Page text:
DHS was not alone in its troubles. The Nuclear Regulatory Commission had many of the same password and patching weaknesses, but the report points out a general lack of confidence in NRC’s IT staff. Business owners were buying their own computers and setting up their own networks inside agency offices. Workers were also storing data on nuclear facilities’ cybersecurity programs on unsecured shared drives.
“Just about every aspect of that process appears to be broken at the NRC,” the report said. “Problems were identified but never scheduled to be fixed; fixes were scheduled but not completed; fixes were recorded as complete when they were not.”
Computers at the Internal Revenue Service, which arguably stores the most sensitive information on just about every adult in the United States, are vulnerable to the same weaknesses year after year since 2008, the report said. The General Accounting Office, for example, identified 100 vulnerabilities on IRS machines, including a lack of encryption on data transmitted between offices over the Internet.
The Department of Education, which manages $948 billion in student loans, is vulnerable to remote attack on systems accessible to remote workers. The report also identified lax investigations by the department into reported compromises of accounts; only 17 percent of cases were reviewed. In addition, the department was flagged for weak network monitoring and security to the point where hackers were able to set up a rogue connection on the agency’s network behind the firewall.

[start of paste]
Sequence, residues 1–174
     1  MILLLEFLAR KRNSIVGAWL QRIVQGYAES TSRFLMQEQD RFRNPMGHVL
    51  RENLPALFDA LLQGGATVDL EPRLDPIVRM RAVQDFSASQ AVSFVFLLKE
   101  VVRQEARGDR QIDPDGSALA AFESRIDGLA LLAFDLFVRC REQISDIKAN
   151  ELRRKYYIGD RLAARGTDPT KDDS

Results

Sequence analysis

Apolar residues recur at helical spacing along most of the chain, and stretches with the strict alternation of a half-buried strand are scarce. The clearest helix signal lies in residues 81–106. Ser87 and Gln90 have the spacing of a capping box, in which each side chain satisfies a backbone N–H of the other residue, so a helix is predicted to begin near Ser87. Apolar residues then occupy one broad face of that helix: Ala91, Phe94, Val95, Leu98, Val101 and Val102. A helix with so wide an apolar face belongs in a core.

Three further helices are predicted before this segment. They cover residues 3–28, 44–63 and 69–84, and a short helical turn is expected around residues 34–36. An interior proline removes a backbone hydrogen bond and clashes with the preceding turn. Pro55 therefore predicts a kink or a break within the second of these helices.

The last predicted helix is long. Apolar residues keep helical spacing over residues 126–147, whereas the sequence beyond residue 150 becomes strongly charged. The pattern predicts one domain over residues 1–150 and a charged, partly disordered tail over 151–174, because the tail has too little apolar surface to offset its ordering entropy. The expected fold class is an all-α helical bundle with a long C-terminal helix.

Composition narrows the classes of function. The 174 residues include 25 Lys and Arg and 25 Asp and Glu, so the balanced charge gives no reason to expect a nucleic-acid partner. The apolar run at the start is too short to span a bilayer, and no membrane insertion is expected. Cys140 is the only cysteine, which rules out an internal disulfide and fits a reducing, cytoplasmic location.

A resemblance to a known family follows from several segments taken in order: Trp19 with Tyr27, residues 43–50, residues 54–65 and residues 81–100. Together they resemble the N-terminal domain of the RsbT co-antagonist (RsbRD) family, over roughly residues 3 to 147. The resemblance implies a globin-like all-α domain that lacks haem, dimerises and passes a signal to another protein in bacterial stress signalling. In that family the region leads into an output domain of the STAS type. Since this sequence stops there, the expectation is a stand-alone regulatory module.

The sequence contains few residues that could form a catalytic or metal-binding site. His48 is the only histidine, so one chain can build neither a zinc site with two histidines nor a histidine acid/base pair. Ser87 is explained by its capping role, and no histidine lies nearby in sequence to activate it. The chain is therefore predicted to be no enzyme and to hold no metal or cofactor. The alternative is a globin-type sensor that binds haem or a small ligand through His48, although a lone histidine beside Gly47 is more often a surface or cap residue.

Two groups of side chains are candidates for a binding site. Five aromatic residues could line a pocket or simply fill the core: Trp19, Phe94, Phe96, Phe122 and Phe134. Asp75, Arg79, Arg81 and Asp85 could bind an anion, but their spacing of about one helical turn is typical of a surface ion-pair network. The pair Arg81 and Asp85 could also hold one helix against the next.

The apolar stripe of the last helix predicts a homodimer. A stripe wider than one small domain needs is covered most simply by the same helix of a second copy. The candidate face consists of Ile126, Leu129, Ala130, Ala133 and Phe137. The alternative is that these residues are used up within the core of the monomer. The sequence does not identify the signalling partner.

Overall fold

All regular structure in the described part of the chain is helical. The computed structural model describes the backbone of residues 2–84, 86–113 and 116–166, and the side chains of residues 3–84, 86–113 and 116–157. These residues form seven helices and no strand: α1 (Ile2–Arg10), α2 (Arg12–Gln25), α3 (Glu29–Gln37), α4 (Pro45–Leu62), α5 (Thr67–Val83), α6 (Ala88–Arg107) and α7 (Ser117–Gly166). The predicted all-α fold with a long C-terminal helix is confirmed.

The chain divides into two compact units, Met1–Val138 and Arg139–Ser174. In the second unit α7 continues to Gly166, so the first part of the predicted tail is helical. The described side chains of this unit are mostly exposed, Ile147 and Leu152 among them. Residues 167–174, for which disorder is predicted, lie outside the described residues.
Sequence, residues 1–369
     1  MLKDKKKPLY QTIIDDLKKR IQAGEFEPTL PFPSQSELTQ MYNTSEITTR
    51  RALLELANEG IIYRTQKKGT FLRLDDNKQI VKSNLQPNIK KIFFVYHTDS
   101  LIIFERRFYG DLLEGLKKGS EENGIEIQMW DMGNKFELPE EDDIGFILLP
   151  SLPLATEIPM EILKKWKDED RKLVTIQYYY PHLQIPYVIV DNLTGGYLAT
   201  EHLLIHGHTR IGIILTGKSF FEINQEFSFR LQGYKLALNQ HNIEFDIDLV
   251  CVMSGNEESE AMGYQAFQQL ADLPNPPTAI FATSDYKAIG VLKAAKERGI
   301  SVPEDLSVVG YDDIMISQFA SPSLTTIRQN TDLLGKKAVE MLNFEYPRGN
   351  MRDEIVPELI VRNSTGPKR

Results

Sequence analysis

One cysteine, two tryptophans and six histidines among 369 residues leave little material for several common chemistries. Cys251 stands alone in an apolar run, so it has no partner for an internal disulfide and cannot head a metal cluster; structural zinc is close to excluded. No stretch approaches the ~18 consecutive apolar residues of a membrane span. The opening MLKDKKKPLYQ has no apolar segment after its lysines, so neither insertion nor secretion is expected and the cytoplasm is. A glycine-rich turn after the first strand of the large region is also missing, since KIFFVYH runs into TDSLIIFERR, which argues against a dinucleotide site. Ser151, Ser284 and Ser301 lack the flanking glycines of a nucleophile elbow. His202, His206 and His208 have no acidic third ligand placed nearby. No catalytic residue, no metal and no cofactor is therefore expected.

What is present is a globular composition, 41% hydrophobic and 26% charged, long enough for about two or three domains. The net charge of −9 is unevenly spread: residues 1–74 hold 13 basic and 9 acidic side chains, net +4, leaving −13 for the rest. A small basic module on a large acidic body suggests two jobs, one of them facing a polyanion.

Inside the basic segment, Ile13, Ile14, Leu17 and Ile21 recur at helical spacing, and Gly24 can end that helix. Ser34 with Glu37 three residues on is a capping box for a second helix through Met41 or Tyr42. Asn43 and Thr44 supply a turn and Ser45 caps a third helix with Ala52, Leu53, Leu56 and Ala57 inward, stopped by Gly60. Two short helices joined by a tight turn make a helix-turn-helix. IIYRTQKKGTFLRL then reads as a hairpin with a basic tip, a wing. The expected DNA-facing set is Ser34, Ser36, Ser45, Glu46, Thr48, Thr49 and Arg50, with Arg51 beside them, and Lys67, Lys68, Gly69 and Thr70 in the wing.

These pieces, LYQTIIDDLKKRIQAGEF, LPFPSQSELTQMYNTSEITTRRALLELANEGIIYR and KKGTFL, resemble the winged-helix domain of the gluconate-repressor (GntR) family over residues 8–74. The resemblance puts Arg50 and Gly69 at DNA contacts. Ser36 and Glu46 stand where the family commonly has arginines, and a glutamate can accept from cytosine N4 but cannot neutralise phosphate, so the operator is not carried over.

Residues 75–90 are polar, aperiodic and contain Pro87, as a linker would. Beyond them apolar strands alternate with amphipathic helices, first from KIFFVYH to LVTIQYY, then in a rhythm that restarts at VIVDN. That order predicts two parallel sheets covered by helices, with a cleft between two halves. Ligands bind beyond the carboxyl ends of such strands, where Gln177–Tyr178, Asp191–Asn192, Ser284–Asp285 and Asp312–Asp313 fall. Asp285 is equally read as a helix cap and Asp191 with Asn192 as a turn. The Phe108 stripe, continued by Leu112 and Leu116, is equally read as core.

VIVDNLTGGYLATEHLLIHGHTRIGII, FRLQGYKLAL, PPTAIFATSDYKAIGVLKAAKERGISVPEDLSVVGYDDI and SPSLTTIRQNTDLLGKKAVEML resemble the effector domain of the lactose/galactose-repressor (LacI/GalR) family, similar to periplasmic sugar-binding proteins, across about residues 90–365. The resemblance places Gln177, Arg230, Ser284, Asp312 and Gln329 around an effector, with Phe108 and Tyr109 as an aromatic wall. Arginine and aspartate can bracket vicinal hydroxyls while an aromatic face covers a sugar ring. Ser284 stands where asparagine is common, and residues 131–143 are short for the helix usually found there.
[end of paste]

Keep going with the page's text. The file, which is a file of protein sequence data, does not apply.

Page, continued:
The Department of Energy, which suffered two intrusions last year resulting in the theft of personal information on past and present government and contract employees, was another offender. The report cites an audit of Western Area Power Administration which handles power needs for 15 states in the central and western parts of the U.S. All 105 computers tested in the audit lacked proper patching, in addition to having public-facing servers configured with default credentials and poor scanning of systems for vulnerabilities so as not to impact performance of services running on those machines.
The Securities and Exchange Commission was not left out. The report said employees were using personal email accounts, including web-based programs such as Gmail, to send information to and from financial institutions. Laptops storing sensitive information were unencrypted and lacking antivirus software. Laptops belonging to the Trading and Markets team dedicated to cybersecurity contained information on vulnerabilities in exchange computers, as well as networking maps that could have facilitated hacks, the report said.
“The investigation also found that members of the team took work computers home in order to surf the web, download music and movies, and other personal pursuits,” the report said. “They also appeared to have connected laptops containing sensitive information to unprotected Wi-Fi networks at public locations like hotels—in at least one reported case, at a convention of computer hackers.”